The mountain shrimp is another Gondwanan relic that can be found in Tasmania’s Lake St. Clair. This crab is unique to the island state, where it can be found in abundance in 300-meter-high lakes and creeks. Mountain shrimp mimic marine fossils that date back 250 million years. By 220 million years ago, they had adapted to freshwater settings, as shown by fossil shrimp found in NSW lake silt that resembles their contemporary Tasmanian counterparts.
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Australian Ghost Shark
In 2014, researchers examined the ghost shark’s DNA and found that its genome has essentially not changed in 420 million years. The strange-looking animal presently holds the distinction of “slowest-evolving vertebrate” that we are aware of. It has a snout that resembles a trunk that it uses to scan the ocean floor in search of shellfish. This is not a genuine shark, despite its common moniker. It belongs to the family of cartilaginous fish known as chimeras, which split off from sharks and rays 420 million years ago.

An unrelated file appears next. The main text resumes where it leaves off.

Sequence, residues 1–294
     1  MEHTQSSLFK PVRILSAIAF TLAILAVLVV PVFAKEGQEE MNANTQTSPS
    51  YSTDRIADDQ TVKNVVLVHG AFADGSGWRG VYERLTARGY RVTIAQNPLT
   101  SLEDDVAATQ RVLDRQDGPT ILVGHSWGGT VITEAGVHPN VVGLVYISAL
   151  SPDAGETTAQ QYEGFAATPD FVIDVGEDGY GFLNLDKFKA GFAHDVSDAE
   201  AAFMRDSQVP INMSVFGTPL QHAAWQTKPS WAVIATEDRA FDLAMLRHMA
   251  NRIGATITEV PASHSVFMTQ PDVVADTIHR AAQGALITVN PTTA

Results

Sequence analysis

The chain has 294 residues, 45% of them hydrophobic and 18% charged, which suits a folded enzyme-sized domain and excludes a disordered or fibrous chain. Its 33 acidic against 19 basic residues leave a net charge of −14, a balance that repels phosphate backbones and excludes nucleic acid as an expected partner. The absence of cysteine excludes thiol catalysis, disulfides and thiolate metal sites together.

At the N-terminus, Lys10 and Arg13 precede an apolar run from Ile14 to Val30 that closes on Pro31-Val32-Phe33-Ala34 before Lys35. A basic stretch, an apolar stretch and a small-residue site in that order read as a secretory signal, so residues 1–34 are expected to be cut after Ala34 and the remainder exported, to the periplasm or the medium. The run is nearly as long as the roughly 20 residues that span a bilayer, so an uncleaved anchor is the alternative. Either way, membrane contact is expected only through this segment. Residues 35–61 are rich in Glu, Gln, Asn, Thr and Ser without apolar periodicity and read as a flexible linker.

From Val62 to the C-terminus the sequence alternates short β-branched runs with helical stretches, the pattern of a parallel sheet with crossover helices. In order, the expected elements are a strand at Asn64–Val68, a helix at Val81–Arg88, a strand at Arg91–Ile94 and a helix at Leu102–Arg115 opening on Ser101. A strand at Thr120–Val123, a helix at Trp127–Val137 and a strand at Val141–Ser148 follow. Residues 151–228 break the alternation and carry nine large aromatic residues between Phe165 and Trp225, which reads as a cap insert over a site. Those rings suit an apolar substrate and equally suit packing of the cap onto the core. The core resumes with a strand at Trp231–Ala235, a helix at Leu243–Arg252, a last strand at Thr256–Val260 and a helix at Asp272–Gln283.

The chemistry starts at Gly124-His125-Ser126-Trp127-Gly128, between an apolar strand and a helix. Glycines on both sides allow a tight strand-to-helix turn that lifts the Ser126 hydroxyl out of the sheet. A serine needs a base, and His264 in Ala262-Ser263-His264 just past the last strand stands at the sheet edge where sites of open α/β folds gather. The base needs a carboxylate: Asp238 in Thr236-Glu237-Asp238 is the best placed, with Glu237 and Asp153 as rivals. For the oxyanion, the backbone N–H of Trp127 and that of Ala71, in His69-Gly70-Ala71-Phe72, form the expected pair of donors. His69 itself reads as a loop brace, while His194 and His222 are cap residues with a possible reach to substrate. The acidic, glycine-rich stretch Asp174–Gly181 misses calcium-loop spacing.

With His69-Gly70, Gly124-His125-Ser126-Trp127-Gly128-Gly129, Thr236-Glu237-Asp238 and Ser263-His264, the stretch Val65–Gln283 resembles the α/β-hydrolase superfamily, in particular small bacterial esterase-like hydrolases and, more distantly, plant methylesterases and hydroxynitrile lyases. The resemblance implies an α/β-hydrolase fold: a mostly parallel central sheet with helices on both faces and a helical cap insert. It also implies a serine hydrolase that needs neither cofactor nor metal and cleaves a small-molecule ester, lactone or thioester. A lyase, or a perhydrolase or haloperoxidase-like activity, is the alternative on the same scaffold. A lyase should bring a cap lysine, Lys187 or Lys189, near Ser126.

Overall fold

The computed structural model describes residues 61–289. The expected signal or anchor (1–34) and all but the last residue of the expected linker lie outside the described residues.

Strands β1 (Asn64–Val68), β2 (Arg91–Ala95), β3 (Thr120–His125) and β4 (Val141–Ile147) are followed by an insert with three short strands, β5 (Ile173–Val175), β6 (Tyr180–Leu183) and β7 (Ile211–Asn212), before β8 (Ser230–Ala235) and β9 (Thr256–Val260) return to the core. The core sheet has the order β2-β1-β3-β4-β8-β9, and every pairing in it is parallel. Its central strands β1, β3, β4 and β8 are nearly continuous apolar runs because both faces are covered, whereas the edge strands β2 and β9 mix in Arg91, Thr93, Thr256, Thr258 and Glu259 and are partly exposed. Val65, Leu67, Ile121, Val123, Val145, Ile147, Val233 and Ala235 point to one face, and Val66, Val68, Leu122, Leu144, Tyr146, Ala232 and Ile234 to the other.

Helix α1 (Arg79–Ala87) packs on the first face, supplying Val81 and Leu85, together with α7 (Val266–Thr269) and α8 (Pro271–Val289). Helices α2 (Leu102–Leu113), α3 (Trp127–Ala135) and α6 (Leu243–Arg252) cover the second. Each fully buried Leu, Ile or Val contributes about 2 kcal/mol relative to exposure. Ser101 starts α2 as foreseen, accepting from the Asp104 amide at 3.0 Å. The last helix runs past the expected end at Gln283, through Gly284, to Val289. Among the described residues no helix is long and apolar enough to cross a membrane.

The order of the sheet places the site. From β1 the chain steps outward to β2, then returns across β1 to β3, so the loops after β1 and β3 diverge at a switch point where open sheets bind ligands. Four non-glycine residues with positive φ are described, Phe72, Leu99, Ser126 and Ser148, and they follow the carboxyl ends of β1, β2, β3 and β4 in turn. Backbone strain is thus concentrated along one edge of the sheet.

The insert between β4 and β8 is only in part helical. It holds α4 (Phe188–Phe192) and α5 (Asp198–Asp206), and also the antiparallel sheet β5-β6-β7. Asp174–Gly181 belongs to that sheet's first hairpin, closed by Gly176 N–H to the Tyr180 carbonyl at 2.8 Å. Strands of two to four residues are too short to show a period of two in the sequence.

Velvet Worms – Australian Solitary Living Fossil
The 74 species of velvet worm found in Australia are descended from a primitive lineage that dates back half a billion years. They are solitary creatures that resemble caterpillars and waddle through the wet undergrowth of forests, capturing prey with jets of gooey slime. Fossils are uncommon; however, examples have been discovered in sediments and amber that are 300 million years old and 40 to 30 million years old, respectively. The closest living relative of the strictly terrestrial velvet worms of today, which are marine dwellers, was discovered in a deposit that dates back 500 million years to the time when the earliest animals started to colonize the earth.